Year of the…Roth?

The 2010 year presents a unique opportunity for high-net work individuals.  Prior to 2010 most individuals making over $100,000 per year, were restricted from converting a Traditional IRA or 401(k) to a Roth IRA.  However, 2010 presents an opportunity to those previously restricted. Not only will high earning individuals be able to complete these conversions during 2010, they will also be able to do so without incurring the normal 10% penalty for early withdrawal, and the tax burden can be deferred over a two year period (2010 and 2011 tax years). 

So why is this important to you as a high earning individual?

Let’s face it; taxes aren’t going down in the foreseeable future.  With increasing federal and state deficits and additional programs being proposed on a daily basis, there is more of a chance taxes will increase over the long-term as opposed to them decreasing.  Thus, taking a smaller hit now may be more beneficial than taking a larger hit down the road depending on the circumstances.

Also consider this: the market is still down from its high in 2007 and is at approximately the same level it has been for the past five years.  Taking that into consideration, any money put into a pre-tax account during that time frame, will likely have little if any capital gains to pay taxes on

So who would benefit from this most?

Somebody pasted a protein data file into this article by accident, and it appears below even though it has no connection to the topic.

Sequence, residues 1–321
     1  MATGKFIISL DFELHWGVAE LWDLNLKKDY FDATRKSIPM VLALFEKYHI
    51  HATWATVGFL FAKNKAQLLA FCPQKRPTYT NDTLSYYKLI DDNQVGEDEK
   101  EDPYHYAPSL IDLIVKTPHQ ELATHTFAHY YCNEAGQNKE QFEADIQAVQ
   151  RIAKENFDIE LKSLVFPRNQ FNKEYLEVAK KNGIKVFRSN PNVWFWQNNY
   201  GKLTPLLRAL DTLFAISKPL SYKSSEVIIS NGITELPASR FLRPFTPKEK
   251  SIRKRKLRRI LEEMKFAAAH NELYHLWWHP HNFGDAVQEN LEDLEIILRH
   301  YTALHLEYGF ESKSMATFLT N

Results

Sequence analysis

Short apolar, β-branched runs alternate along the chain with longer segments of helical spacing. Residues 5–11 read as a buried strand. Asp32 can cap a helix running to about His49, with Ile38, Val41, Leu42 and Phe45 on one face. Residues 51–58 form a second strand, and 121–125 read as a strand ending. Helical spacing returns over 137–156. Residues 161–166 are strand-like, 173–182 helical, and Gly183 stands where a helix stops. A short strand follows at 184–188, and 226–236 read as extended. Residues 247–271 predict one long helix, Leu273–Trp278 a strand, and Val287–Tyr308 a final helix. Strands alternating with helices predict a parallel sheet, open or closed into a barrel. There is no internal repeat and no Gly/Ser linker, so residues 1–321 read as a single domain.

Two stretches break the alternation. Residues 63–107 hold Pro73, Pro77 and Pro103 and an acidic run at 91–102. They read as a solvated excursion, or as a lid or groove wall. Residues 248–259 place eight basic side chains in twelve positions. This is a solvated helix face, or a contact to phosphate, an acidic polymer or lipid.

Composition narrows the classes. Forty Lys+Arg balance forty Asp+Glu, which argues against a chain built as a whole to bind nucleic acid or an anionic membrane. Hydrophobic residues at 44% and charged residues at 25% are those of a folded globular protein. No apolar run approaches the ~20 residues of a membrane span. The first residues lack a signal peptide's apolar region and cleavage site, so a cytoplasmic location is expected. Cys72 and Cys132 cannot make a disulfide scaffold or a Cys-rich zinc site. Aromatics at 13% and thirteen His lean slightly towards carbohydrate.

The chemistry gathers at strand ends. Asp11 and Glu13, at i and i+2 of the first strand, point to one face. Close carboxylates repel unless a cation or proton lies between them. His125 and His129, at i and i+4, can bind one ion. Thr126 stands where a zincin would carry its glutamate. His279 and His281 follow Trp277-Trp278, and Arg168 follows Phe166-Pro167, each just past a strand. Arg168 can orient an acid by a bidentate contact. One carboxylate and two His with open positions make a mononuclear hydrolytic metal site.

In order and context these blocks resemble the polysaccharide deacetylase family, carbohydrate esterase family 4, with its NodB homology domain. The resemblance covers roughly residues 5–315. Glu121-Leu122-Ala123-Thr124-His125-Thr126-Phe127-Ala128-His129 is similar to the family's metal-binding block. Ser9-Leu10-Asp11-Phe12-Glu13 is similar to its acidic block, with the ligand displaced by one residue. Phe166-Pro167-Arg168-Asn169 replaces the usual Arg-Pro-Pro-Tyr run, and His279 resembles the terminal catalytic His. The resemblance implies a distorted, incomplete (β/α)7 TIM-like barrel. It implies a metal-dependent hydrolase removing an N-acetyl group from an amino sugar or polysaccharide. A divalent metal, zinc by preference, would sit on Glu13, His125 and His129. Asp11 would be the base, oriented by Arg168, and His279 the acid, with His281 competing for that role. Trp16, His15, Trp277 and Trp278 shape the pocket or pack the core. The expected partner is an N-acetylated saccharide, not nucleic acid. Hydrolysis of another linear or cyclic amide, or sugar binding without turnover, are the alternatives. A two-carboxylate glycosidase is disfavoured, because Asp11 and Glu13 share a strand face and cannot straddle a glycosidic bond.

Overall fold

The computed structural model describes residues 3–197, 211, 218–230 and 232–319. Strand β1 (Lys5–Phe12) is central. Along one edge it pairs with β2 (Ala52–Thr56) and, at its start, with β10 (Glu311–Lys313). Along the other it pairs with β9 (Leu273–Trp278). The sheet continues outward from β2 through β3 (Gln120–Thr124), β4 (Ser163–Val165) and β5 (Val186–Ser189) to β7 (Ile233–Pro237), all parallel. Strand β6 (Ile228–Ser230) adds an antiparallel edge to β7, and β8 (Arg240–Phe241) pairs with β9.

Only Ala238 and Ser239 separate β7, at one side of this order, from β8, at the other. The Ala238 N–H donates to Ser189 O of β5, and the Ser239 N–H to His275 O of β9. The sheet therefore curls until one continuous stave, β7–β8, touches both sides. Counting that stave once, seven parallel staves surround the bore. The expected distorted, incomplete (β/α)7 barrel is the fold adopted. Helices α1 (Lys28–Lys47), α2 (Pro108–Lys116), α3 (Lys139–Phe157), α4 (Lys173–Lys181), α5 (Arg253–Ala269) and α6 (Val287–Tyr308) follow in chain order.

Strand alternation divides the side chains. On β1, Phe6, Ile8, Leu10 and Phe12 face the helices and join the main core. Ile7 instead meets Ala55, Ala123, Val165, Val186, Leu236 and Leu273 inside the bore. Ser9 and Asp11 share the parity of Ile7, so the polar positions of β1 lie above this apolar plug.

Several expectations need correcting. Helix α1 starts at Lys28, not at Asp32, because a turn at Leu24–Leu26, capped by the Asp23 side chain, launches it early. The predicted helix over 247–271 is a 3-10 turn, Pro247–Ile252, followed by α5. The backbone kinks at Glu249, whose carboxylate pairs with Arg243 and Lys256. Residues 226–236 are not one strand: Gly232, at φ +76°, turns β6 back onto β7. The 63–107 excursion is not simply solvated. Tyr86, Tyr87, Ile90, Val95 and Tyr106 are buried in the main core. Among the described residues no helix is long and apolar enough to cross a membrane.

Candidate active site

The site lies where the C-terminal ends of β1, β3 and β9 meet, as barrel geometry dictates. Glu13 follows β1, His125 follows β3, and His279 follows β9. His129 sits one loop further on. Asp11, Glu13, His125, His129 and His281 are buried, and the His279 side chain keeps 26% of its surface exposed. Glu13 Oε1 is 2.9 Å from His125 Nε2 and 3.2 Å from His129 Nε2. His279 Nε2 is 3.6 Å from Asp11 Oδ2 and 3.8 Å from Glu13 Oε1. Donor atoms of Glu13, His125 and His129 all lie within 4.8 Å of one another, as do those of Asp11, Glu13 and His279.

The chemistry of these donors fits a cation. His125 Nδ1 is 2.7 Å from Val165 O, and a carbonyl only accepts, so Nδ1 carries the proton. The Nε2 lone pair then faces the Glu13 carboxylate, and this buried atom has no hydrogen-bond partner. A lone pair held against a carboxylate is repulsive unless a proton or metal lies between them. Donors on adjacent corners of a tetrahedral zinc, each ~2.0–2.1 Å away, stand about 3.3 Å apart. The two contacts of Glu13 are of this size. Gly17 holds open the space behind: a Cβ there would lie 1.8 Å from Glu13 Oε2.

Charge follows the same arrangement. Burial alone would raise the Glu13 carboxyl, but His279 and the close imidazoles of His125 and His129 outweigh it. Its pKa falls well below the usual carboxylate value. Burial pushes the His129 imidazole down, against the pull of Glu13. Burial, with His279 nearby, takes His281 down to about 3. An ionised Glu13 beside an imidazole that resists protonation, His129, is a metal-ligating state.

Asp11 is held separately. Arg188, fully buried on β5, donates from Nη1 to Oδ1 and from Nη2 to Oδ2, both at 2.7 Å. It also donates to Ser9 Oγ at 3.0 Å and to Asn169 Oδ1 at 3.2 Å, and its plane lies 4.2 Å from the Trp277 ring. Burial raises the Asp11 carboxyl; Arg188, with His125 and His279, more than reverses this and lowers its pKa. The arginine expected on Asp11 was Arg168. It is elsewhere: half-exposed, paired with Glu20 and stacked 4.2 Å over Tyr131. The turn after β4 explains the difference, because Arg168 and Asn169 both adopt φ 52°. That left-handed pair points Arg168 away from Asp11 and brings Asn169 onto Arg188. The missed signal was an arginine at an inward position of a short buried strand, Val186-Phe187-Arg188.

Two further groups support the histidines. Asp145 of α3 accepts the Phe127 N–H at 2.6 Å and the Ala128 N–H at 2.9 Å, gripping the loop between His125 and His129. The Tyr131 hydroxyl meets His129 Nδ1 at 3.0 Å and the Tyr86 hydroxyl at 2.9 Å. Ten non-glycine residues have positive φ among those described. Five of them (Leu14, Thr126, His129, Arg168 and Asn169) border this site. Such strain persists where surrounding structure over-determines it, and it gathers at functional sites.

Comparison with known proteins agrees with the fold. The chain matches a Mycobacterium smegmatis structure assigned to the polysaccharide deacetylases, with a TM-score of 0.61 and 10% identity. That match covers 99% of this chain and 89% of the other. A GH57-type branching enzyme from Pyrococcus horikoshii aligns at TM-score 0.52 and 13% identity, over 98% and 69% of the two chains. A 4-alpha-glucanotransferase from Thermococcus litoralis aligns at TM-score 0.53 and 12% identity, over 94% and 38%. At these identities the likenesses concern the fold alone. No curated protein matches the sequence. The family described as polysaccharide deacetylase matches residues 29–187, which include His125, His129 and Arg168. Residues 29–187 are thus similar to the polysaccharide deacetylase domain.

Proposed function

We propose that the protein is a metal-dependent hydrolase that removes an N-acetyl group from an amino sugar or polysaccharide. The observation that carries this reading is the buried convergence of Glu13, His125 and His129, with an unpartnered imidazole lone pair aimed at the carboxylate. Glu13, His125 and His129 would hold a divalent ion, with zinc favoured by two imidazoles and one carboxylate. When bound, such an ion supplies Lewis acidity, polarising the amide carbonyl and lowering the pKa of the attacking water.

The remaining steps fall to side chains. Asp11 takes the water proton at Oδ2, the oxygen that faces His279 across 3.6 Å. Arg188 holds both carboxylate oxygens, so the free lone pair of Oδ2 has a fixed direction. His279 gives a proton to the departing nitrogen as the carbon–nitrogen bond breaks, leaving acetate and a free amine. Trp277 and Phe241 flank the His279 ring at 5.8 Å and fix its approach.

Not considering other factors unique to each individual, people that stand to benefit the most are:

  • Wealthy Individuals
  • Those seeking to reduce estate settlement
  • Individuals who won’t need to draw income from converted accounts
  • Young high-earners
  • Those who believe their tax bracket will be higher in retirement

The kicker in all of this is (and golf fans will love this), you get a mulligan.  If for any reason you regret the decision or it becomes a bad decision due to market fluctuation, you can reverse the transactions without any tax consequence within six months of the tax return due date (i.e. April 15, 2011 due date would give you until October 15, 2011). 

Here at dbbmckennon we would be more than happy to answer any questions you may have about these conversions, the tax consequences, and discuss what is in your best interest as a unique individual.  We can also refer you to one of our trusted financial advisors, who can assist you in a Roth conversion; even if you don’t have one set up yet. 

Plan today, to give yourself a brighter future tomorrow.